"That conflict may continue long after the abuse goes away," Harris said. "He or she may feel scarred, defective -- literally, like someone missing a hand will feel defective."

Relationships may suffer. Rejection may be more difficult to take.

When a victim is a teenager, there is the added fuel of roiling emotions. Teens tend to "catastrophize" events, Harris said, swinging in a matter of moments from normalcy to utter despondency -- even to suicidal moods -- over disappointments.

Sometimes the signs are obvious -- irritability, a sudden lack of personal hygiene or failing schoolwork, for instance -- and sometimes they're all but absent.

Andrew, his family and friends said, showed no consistent signs of depression. Mostly, he was the same old Andrew, flashing the trademark grin captured in so many photos, throwing himself into sports, enjoying friends.

But he had his moments.

"During the week, he'd be mostly fine. School and sports took his mind off it," Bryan Nadrowski said. "But on the weekends, it would bother him."

Cruel comments didn't help.

"When it all came out, a couple members of the (St. Rose) baseball team were really on him," Pete Schenke said. "One kid on the team said to Andrew, 'If I see you around, I'm gonna beat you up.' It was Andrew's life getting messed up, and this guy threatened him. Andrew got real upset about that."

Some people said he had made the story up, Bryan said. Then there were the taunts, drive-by references to McInerney from kids who learned Andrew had come forward.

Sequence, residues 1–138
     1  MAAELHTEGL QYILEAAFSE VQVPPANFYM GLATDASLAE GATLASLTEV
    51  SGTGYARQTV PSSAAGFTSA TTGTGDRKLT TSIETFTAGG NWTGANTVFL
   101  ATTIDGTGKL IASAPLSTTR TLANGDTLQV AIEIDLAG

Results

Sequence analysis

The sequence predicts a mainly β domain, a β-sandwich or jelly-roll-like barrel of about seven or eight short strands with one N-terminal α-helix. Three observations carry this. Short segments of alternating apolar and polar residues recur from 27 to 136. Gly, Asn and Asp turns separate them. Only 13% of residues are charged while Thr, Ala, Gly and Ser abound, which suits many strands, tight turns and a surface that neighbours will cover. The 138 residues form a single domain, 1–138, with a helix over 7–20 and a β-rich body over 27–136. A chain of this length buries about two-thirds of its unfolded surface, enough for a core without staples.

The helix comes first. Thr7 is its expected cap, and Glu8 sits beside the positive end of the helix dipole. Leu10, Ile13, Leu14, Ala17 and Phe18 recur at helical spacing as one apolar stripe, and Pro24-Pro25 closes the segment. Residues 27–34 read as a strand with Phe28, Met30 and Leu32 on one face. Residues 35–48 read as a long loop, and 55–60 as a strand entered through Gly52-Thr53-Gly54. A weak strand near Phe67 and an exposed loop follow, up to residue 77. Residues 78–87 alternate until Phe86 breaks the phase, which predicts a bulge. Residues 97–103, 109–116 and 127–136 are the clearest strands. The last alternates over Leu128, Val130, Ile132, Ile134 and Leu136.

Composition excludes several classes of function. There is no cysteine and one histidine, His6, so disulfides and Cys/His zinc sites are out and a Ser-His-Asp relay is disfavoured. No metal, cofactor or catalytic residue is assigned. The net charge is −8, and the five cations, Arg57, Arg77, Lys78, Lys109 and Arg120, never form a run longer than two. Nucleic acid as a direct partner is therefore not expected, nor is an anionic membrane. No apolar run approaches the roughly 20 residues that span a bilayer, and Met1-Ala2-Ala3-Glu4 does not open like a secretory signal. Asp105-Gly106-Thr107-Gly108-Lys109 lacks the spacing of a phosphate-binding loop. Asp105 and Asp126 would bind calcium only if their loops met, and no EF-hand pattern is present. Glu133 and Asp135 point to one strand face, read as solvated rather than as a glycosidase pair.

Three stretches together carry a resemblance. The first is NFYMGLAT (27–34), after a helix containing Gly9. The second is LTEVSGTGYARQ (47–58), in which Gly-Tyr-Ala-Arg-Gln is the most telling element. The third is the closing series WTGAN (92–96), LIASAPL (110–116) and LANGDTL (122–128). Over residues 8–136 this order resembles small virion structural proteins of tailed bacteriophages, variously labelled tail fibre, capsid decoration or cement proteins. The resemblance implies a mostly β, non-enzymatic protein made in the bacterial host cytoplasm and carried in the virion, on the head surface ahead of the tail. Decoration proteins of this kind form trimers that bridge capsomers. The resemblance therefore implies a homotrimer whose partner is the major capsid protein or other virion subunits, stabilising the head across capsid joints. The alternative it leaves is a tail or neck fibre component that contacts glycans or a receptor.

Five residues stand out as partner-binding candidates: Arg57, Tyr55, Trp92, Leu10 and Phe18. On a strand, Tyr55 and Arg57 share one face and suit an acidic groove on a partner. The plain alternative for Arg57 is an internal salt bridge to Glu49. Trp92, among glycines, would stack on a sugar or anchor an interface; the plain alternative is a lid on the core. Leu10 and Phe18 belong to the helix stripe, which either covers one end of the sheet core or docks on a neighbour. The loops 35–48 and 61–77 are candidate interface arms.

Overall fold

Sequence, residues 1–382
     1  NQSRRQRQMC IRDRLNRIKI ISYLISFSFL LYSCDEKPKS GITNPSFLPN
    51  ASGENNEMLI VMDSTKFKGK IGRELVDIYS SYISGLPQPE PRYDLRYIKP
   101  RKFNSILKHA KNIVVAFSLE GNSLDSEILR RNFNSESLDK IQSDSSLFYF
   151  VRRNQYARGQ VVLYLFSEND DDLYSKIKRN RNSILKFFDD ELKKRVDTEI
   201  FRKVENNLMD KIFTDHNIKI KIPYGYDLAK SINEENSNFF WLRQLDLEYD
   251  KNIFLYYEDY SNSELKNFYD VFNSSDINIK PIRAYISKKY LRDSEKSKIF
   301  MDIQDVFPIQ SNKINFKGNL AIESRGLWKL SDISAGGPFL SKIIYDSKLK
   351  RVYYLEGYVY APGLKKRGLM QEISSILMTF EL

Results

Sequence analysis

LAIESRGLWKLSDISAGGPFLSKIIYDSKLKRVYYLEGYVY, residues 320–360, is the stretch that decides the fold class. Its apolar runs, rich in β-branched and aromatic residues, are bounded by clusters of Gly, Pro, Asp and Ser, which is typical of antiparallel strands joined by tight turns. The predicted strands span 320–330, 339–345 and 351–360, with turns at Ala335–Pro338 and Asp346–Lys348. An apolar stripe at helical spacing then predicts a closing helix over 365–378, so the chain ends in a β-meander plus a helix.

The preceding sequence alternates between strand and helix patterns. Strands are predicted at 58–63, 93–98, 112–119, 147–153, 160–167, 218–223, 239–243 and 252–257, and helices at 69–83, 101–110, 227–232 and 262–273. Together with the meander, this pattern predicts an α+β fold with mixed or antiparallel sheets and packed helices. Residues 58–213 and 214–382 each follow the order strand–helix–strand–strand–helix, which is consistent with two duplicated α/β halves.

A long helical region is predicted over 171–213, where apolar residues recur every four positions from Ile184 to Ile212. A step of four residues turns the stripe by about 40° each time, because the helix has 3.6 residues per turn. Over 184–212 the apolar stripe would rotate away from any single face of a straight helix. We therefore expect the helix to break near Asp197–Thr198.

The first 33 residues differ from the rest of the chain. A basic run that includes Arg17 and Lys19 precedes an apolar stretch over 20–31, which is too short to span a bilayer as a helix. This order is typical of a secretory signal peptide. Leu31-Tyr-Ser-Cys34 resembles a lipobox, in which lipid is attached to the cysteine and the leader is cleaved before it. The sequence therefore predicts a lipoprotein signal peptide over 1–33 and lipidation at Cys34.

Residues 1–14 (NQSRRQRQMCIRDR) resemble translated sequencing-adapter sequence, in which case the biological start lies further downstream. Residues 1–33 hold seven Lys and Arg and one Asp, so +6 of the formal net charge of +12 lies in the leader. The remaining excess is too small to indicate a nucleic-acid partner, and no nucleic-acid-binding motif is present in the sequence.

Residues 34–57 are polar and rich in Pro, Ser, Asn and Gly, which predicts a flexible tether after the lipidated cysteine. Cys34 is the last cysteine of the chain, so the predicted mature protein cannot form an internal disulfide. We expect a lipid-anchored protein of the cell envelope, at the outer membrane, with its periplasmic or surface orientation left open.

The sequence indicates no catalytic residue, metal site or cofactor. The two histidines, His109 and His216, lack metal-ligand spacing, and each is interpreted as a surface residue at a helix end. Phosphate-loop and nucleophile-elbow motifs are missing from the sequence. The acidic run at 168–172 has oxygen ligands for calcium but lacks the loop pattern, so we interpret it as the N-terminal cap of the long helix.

"Everyone knew," Bryan said. "Sometimes he would even joke about it, but only with our close circle of friends, because he knew we supported him. It was different when other people did it."

Immediately after McInerney's arrest, Andrew transferred to Manasquan High, where his friends and brother were students. He began to play baseball again. He joined the lacrosse team. But he couldn't shake the feeling that McInerney was hanging over him, interfering with his life, his friends said. That translated into girl troubles.

"He wanted to prove to himself that girls still liked him, and not just old men," Pete Schenke said. "He was looking for a long-term girlfriend, and if a girl said no to him, it really got to him."

As a precaution, Andrew began to see a therapist. Jackie and Drew Clark watched their son for behavioral changes, but none leaped out at them, and Andrew insisted he was fine.

In January came news that a Spring Lake Heights teenager had died. The rumor mill spit out the notion that 16-year-old Robert Bannick, known at Manasquan High as Bobby, had overdosed on drugs, perhaps even committed suicide.

Two weeks ago, the medical examiner ruled that Bannick did neither. Suffering from pneumonia, he aspirated in his sleep, according to the ME's report.

Andrew knew Bannick but wasn't friends with him. Three months later, a death would hit much closer to home.

Tim Schenke, due to graduate in June, was ranked fourth in his class at Manasquan High. A member of the National Honor Society, he had been awarded a $100,000 scholarship to Drexel University, where he planned to study engineering. Two years running, he was the starting sweeper on the varsity soccer team.

He also struggled off and on with depression, said his mother, Lisa Schenke.